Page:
The length of Jessica’s lines is unusual. They can be so long they seem endless yet always resolve perfectly, after wandering and stretching through a DNA-like weave of notes where each fragment of the entire line is a single chromosome and miraculously the chromosomes fit together by the time Jessica has reached the conclusion of her idea and is moving to the next. Then, another line of equally operatic length may follow. Jessica pulls this length off without ever getting boring.
Her lines are like action films where we wait with our hearts beating quickly until the good guy wins or the odds are overcome. The conclusions are celebrations. The effect is visceral: UH! Rock me in my seat, let my arms and legs twitch with happiness when the mystery is solved!

This isn’t music I listen to. This is music I ingest. This is music that mingles with my bloodstream.

“When I’m playing, I think of NOTHING. The Buddha is EMPTY. I seek TRUTH through emptiness, through honesty without a veil or blinders.”. Jessica Williams

I have twelve CDs by Jessica Williams. That’s not a large number. I’d love to have all of them. I listen to them constantly. I listen to them as I write and work at home. I listen to them in the car. I hardly listen to anything else. Jessica’s music is so rich it’s like a rain forest of exquisite musical plants. It brings me joy, stimulation, awe, relaxation, information and escape to a world ruled by The Queen Of Beauty. What is she doing, I wonder, as she reaches to the very upper keys on the piano and spends sixty four bars tinkling almost beyond the range of human hearing.? The sounds are like bells coming from the clouds of a supernatural realm. Meanwhile, her other hand is playing some ironic or unlikely counterpoint that is so dextrous as to be stunning, impossible, yet there it is, pure musical fact. I can imagine a Hindu deity-poster of Jessica possessing eight arms. In each hand is a piano. A keyboard elephant’s trunk of ivory and ebony tapers gracefully from where her nose should be.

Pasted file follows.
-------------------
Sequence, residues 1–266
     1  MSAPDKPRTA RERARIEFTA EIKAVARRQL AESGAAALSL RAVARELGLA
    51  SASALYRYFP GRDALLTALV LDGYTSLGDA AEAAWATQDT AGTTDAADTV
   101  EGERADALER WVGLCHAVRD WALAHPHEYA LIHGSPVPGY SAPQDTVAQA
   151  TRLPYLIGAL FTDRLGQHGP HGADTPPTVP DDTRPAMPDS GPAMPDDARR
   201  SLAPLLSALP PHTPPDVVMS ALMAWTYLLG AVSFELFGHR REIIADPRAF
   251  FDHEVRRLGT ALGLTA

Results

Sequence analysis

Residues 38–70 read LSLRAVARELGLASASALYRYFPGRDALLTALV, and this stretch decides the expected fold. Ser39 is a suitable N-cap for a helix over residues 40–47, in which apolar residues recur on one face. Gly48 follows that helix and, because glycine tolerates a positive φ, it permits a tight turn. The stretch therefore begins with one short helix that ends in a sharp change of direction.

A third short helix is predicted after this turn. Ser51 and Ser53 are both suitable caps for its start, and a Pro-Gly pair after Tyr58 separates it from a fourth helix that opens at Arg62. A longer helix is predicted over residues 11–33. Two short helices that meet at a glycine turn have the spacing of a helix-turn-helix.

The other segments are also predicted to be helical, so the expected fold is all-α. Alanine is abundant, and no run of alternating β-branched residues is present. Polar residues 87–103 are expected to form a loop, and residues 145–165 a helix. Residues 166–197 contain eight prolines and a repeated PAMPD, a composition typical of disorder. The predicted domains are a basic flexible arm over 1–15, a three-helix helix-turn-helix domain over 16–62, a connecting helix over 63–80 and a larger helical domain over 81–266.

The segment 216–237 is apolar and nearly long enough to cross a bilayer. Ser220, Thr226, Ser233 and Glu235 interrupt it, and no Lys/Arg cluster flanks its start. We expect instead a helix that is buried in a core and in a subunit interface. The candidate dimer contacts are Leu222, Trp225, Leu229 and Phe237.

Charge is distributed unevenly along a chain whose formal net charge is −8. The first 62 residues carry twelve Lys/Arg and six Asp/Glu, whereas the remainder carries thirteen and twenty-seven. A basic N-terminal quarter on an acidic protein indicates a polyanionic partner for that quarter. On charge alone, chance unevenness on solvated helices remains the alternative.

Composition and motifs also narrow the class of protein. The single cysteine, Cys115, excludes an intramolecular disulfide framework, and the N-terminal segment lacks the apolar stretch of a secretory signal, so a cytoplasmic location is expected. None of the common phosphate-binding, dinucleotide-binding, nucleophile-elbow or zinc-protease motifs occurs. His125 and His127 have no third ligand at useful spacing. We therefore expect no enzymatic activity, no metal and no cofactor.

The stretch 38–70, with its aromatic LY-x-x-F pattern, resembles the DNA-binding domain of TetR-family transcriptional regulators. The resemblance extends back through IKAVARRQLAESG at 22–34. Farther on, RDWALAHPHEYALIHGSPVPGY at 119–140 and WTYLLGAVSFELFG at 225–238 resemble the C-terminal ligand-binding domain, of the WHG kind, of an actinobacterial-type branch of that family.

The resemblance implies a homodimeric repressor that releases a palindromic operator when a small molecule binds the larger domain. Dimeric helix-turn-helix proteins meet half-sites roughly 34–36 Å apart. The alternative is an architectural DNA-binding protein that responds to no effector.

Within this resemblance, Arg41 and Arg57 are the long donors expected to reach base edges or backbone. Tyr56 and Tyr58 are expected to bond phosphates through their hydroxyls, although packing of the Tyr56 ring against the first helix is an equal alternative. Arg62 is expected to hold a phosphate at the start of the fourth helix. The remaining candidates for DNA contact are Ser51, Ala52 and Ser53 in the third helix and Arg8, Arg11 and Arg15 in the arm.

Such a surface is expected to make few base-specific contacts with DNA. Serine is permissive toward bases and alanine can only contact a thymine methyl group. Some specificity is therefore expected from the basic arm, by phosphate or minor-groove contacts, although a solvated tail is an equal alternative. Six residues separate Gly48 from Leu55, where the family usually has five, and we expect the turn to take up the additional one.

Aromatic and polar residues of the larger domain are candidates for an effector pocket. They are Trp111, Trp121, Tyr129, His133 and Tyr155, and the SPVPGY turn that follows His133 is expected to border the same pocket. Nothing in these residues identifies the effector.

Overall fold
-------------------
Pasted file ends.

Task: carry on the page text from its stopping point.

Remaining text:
Jessica is both lofty and funky. She is elegant and rooty, the rasp and twist of blues is never far from the surface.

When John Coltrane said, with such stunning simplicity, “I want to be a force for good,” he was expressing the deepest will of anyone attuned to spiritual purpose. I seldom use the word “God”. It’s too vague. “God” becomes an excuse, a crutch, a fantasy, a fleeing from pain, a selfishness.

“Being a force for good” is a more accurate expression of putting my life in the service of a greater power than myself. If I want to be a force for good, if I hold that desire at the center of my heart, I have made a commitment to walking a path of ethics, generosity and compassion. Integrity demands that I make an effort to repair the damage of the lies that I have told, or believed.